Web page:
The discussion in the book was hard to follow as I lacked the depth of music knowledge required. It should have come with a CD. I have since discovered that clips of the songs are on the book’s website. Unfortunately, the book I read is back at the library. Perhaps when it comes out it paperback and I have time to read it leisurely, over the summer rather than during the first month of a new semester at a new college teaching new classes, I might try again and work through some of his arguments.

I enjoyed “This is Your Brain on Music” which was about the neuroscience behind our responses to music. It was fascinating. I tried to review it but found the detail overwhelming. I still have part 2 of my review in my drafts folder!

Other References


Books: Your Brain on Music

I am reading lots of books about music at the moment. It is becoming a bit of an obsession. I read Eric Clapton’s autobio [bleuh] and followed that up with Bob Dylan’s [wow]. I might review them in the future and explain my asides. For now I am reading Oliver Sack‘s Musicophilia and last month I read This is your brain on Music by Daniel J. Levitin. There is too much information in this book to write just one post about it. So this is my first. Do not hold your breath for the second. Just in case you have not noticed, science posts are sporadic around here.

The major elements that Levitin considers to make up music are pitch, timbre, key, harmony, loudness, rhythm, meter and tempo.

A discrete musical sound is usually called a tone. Tone and note typically refer to the same thing unless you are a scientist or musician when “note” refers to the thing on a score of music.

Pitch is the primary way that music can convey emotions – a single high note can trigger excitement and a single low note may trigger sadness. Different instruments have different ranges in pitch available to them. For example, the piano keys range from 27.0 hertz as its lowest note to 4186 htz at the high end. These images show the ranges for different instruments and the human voice.


musical ranges

another musical range image

Arranging pitches in particular ways leads to the formation of scales and these also can effect our moods. Major scales are happy and triumphant and minor scales are sad or defeated. Key is related to the hierarchy of importance that exists between pitches within a musical piece and harmony is the relationship between pitches being played at the same time.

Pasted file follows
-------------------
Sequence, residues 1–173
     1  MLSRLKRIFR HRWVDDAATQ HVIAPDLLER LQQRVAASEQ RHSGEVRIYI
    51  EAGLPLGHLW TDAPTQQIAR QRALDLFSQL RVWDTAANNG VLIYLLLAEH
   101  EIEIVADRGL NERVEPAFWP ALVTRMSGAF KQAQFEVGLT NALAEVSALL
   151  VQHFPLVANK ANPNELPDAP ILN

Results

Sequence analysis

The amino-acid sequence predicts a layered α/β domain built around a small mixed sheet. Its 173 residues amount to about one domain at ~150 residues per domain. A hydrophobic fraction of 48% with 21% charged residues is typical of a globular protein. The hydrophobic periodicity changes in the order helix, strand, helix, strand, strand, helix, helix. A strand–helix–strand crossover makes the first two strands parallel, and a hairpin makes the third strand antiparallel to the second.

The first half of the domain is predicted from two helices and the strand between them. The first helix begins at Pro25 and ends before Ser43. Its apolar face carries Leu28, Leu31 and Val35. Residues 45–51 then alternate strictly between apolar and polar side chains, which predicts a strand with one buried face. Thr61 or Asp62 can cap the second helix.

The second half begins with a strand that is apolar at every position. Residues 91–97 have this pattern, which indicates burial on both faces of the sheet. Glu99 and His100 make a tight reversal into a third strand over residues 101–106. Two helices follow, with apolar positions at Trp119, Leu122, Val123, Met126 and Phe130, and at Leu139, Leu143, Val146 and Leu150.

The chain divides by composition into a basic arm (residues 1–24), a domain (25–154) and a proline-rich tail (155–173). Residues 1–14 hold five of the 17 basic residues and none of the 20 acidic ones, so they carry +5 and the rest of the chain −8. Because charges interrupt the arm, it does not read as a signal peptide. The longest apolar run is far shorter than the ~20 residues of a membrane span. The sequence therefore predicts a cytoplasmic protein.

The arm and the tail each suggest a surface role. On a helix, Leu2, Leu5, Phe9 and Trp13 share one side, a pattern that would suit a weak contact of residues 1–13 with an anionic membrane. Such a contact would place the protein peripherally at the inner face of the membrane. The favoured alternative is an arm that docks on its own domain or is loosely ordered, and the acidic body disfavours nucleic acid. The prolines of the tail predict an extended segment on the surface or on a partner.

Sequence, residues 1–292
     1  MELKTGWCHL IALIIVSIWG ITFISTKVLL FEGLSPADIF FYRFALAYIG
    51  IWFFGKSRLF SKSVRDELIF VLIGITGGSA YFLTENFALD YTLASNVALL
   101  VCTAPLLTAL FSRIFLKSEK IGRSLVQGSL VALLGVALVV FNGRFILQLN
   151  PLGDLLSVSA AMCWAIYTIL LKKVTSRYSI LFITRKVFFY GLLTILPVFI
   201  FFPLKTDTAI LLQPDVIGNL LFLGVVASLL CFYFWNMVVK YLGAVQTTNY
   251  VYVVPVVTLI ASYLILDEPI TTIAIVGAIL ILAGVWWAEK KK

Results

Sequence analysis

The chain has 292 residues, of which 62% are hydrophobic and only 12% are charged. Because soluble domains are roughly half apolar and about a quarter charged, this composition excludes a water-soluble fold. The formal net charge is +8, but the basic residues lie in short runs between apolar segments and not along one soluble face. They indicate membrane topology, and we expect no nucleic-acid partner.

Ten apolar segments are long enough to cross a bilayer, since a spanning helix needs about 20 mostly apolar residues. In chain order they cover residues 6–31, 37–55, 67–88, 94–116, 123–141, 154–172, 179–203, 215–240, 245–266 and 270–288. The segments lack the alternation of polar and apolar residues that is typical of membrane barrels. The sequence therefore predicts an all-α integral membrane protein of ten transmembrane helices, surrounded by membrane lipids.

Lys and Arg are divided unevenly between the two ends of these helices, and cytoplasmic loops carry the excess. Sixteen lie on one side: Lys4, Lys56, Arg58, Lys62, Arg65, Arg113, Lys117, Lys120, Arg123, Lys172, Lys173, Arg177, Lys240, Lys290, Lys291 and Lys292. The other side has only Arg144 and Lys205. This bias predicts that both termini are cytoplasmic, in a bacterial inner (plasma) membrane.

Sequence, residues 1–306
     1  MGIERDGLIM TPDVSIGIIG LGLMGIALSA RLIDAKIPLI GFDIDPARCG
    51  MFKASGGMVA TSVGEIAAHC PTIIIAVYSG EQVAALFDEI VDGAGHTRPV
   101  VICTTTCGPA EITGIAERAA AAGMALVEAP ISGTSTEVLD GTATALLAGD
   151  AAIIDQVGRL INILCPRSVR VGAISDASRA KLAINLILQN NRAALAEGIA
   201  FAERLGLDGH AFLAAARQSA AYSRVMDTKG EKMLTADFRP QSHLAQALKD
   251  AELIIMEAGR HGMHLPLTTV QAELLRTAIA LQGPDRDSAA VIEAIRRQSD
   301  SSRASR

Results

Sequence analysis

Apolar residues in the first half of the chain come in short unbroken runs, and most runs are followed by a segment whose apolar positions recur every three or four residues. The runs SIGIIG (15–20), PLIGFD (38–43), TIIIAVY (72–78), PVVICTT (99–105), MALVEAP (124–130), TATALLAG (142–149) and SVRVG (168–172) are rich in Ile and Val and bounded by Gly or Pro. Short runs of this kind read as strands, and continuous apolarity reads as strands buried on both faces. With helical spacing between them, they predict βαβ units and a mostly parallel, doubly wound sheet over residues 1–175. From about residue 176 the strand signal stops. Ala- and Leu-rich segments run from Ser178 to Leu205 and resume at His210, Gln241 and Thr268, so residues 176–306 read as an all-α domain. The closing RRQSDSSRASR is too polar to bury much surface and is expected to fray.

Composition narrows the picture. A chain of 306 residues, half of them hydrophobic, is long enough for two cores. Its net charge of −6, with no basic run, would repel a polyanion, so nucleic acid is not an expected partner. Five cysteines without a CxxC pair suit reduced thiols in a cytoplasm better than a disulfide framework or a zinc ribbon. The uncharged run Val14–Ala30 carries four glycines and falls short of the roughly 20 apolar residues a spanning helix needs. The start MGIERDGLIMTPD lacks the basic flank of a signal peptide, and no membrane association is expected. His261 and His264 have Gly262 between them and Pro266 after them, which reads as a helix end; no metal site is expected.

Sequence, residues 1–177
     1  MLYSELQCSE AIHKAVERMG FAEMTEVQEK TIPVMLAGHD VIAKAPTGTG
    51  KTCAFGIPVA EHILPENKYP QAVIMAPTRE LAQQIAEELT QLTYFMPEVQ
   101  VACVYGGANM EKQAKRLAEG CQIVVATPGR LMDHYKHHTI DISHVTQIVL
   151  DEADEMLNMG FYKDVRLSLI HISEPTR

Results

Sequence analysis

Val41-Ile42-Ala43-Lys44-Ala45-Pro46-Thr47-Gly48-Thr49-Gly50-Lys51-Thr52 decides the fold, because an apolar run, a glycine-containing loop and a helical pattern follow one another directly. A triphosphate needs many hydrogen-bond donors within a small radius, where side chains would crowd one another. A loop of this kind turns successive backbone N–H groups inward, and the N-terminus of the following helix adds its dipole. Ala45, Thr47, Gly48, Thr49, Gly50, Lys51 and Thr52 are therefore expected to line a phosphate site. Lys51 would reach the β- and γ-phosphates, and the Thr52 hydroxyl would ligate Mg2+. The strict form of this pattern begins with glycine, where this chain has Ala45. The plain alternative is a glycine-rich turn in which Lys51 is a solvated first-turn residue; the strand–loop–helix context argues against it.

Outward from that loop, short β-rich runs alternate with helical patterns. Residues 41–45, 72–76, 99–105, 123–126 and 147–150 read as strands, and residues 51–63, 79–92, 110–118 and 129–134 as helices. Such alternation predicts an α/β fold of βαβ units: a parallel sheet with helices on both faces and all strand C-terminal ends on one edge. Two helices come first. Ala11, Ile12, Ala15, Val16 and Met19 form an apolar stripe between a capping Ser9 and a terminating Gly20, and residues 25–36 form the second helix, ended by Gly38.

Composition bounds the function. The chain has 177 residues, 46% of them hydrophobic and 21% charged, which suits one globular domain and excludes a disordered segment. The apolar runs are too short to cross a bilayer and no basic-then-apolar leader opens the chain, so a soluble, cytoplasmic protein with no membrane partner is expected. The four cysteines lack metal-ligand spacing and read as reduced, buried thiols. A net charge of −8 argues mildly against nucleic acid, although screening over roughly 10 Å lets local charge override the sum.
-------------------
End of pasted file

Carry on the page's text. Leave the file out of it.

The most important feature about music is timbre as it is the principal feature that separates the voices of the different instruments. Timbre is caused by presence of the overtones, which in turn are influenced by the material making up the instrument. For example, wood is less dense than metal so gives lighter overtones. I was always proud of the fact that I could do this as a child – I was especially delighted because I could tell an oboe from a clarinet, apparently difficult instruments to tell apart. Timbre also allows us to recognize the voice of a friend from that of some one unknown.


Loudness is purely a psychological construct that relates to the physical amplitude of a tone. Loudness is partly the volume and also how the dynamics change within a musical piece. Brahms, who I am singing at the moment, deliberately changes the dynamics from loud (forte) to soft (piano) from note to note to emphasize his point. He’ll build up a crescendo to forte and the next note is sung piano. Beethoven is another composer who uses contrasting dynamics in a similar way.

Rhythm refers to the durations of a series of notes and to the way they are grouped together (duplets, triplets). Tempo is the overall speed of a piece of music and meter is created by our brains by extracting information from rhythm and loudness cues, refering to ways in which tones are grouped with one another across time. For example, waltzes have meters in three and a march has a meter of either two or four.

Introduction to music and neuroscience to follow.